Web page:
In fall 2021, 1,126 underrepresented students enrolled in graduate degree programs across campus, accounting for 11.5% of all graduate students.
The university also saw record-breaking numbers for underrepresented students who applied to attend and were admitted to UW–Madison this admissions cycle, including a 17% increase in applications, 18% increase in the number of admitted students, and a 30% increase in students who enrolled compared to the previous year.
“At the same time, we know we have more work to do to make sure that underrepresented and historically underserved students who want to pursue graduate education have the opportunity to come here and thrive here,” Yue said.
These figures are based on the number of students who are eligible for the Advanced Opportunity Fellowship (AOF). AOF eligibility includes many students of color and students who participated in programs that support low-income and first-generation students, such as the Ronald E. McNair Post-Baccalaureate Achievement Program and the PEOPLE Program.
In the last five years, 63% of the AOF-eligible graduate students who have been enrolled in graduate programs at UW–Madison also call Wisconsin their home state.
“This shows our commitment as an institution to providing opportunities for Wisconsinites to attend a world-class graduate school,” Yue said.
Another key: Funding student success
UW–Madison also provides financial support for underrepresented students and continues to prioritize Advanced Opportunity Fellowships and other funding methods.
Some of this funding is distributed through graduate programs for their individual students’ tuition and research. Schools and colleges also organize Graduate Research Scholars (GRS) communities to provide AOF-eligible students with faculty and staff mentors, networking opportunities, and professional development.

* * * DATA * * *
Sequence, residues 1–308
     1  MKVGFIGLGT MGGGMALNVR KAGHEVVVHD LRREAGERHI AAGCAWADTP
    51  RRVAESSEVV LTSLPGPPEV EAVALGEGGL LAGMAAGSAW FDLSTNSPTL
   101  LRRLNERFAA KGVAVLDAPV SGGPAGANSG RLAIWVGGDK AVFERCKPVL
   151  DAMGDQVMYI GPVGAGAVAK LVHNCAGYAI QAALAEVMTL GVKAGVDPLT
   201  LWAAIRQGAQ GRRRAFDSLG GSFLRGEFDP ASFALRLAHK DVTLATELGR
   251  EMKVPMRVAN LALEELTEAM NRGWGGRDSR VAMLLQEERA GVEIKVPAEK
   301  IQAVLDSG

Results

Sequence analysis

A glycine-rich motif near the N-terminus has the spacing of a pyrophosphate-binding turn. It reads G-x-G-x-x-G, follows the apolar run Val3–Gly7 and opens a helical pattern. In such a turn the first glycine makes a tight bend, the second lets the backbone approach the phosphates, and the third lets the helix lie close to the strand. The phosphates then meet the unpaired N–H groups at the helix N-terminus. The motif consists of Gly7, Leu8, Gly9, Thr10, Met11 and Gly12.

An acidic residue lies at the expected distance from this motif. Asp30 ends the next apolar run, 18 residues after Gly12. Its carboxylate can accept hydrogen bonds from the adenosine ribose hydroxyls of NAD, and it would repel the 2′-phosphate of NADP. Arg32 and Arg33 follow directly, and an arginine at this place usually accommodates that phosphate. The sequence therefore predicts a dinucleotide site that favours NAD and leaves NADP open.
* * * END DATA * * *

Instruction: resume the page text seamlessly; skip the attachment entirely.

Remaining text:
Prospective students who are underrepresented in higher education or are from low-income households can also apply for a fee grant, which covers the cost of applying to up to three graduate programs at UW–Madison.
“Graduate programs have been doing great work to help make UW–Madison accessible to historically underserved students,” Yue said. “They are offering more fee grants for students who are underrepresented in their programs and fields. Second, more programs are evaluating their applications holistically. On top of this, faculty and staff across campus are educating themselves about diversity and inclusion intiatives, often with the help of students who are engaged in this work.”
This fall, the Graduate School also announced a new Minority-Serving Institutions Partnership Program that is focused on creating strong relationships between UW–Madison and Minority-Serving Institutions (MSIs) and creating a pathway for undergraduates from MSIs to learn about and attend graduate school at UW. The program will provide grants to graduate programs with existing partnerships or that want to create new partnerships and facilitate idea sharing across campus to bolster engagement with other institutions.